Bigger than a Bread Box by Laurel Snyder
Random House Children’s
A magical breadbox that delivers whatever you wish for—as long as it fits inside? It's too good to be true! Twelve-year-old Rebecca is struggling with her parents' separation, as well as a sudden move to her Gran's house in another state. For a while, the magic bread box, discovered in the attic, makes life away from home a little easier. Then suddenly it starts to make things much, much more difficult, and Rebecca is forced to decide not just where, but who she really wants to be. Laurel Snyder's most thought-provoking book yet.I haven’t been reading as much children’s lit as I should be (I’m sorry; blame Irving and Egan) but last week, when I was in the mood for something magic and whimsical and pounding with voice, I picked up Laurel Snyder’s Bigger than a Bread Box. I got something I totally wasn’t expecting when I began reading, but man, was it good.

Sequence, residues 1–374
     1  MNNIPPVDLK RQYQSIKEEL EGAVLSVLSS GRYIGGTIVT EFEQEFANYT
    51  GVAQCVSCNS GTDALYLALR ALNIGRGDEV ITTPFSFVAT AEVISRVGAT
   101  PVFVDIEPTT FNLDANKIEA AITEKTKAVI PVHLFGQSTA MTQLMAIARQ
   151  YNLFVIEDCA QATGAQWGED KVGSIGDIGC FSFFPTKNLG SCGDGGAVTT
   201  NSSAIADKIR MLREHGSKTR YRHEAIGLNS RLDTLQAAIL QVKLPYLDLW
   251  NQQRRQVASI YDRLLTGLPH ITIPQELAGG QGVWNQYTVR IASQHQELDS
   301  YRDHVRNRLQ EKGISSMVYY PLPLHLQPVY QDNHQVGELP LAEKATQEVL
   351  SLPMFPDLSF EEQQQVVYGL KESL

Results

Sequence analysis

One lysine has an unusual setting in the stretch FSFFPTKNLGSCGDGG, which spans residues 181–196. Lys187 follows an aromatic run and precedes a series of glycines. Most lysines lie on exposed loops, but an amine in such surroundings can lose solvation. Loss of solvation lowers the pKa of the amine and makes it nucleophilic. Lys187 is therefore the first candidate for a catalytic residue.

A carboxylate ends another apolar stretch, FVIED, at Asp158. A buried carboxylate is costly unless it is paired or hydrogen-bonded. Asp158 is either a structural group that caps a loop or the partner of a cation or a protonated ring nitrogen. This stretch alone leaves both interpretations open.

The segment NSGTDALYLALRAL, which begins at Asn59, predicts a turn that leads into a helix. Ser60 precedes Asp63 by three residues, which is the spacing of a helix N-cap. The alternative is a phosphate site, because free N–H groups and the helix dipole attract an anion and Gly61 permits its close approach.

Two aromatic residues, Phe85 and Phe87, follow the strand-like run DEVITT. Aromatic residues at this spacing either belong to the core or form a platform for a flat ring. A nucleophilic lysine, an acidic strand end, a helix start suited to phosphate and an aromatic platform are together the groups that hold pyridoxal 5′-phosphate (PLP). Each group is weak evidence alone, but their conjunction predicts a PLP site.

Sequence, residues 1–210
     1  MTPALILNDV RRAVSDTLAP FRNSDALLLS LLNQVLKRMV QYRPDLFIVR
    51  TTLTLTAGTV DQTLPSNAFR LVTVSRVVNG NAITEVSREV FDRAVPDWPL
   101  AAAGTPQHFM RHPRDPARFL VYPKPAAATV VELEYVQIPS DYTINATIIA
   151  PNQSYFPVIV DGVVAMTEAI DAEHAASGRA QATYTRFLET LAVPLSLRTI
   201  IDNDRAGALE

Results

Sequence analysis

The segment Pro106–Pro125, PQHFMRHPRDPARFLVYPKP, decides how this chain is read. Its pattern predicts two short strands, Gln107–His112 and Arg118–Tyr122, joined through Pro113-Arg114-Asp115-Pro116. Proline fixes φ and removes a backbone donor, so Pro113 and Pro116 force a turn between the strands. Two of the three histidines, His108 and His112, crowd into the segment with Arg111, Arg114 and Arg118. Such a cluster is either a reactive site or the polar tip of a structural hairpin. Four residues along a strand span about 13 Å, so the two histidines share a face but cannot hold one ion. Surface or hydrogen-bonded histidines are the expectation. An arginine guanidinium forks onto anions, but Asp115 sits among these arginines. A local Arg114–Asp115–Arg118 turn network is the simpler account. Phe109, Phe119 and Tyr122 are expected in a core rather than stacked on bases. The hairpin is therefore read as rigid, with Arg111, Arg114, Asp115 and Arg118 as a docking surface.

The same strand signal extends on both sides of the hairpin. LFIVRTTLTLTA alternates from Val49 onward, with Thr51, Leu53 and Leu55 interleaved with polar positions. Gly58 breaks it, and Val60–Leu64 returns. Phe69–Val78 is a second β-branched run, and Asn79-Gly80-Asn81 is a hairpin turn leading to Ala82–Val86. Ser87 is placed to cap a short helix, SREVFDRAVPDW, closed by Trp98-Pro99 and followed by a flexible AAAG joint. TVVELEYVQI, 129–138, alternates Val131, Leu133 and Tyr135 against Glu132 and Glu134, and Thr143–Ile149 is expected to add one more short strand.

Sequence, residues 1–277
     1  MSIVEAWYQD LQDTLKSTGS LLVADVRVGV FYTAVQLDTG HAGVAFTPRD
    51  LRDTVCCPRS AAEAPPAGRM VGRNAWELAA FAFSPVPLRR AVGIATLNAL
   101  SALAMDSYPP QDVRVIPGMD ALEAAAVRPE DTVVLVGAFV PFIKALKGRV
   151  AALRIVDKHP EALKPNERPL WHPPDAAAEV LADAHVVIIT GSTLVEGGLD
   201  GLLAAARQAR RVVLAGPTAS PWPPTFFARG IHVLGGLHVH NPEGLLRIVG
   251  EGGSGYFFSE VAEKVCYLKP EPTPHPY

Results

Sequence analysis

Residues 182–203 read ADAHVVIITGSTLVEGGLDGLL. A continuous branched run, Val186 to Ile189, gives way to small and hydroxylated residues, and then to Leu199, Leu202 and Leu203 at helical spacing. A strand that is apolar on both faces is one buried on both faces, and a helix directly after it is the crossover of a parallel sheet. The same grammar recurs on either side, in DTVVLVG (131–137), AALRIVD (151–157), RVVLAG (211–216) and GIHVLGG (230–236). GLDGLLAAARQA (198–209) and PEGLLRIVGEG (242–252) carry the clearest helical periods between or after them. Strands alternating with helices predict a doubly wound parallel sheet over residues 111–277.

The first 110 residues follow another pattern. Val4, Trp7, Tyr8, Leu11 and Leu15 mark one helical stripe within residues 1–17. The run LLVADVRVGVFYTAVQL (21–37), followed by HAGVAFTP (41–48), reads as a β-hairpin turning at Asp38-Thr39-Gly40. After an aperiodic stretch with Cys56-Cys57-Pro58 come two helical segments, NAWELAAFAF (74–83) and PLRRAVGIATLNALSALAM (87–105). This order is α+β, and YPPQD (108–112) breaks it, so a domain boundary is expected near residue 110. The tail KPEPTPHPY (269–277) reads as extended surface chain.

The voice is wonderful. It rides the fine line between middle grade and young adult, at least to me, but Ms. Snyder keeps it grounded in middle grade with Rebecca’s sense of wonder and her reactions to issues with her family. Rebecca was a little moody, like you’d expect of a girl her age, but the reader knows that this is because of something a little deeper than hormones; things are changing in Rebecca’s life and she doesn’t like it. When she finds a bread box that gives her any(tangible)thing that she asks for, she thinks all her problems are solved—but she’s wrong. No matter how many times she asks the box to get her parents back together, she doesn’t get any closer to Baltimore, the pelicans, her old school and old friends.
I really like this book. I’m a little ashamed at not having read anything of Laurel Snyder’s sooner.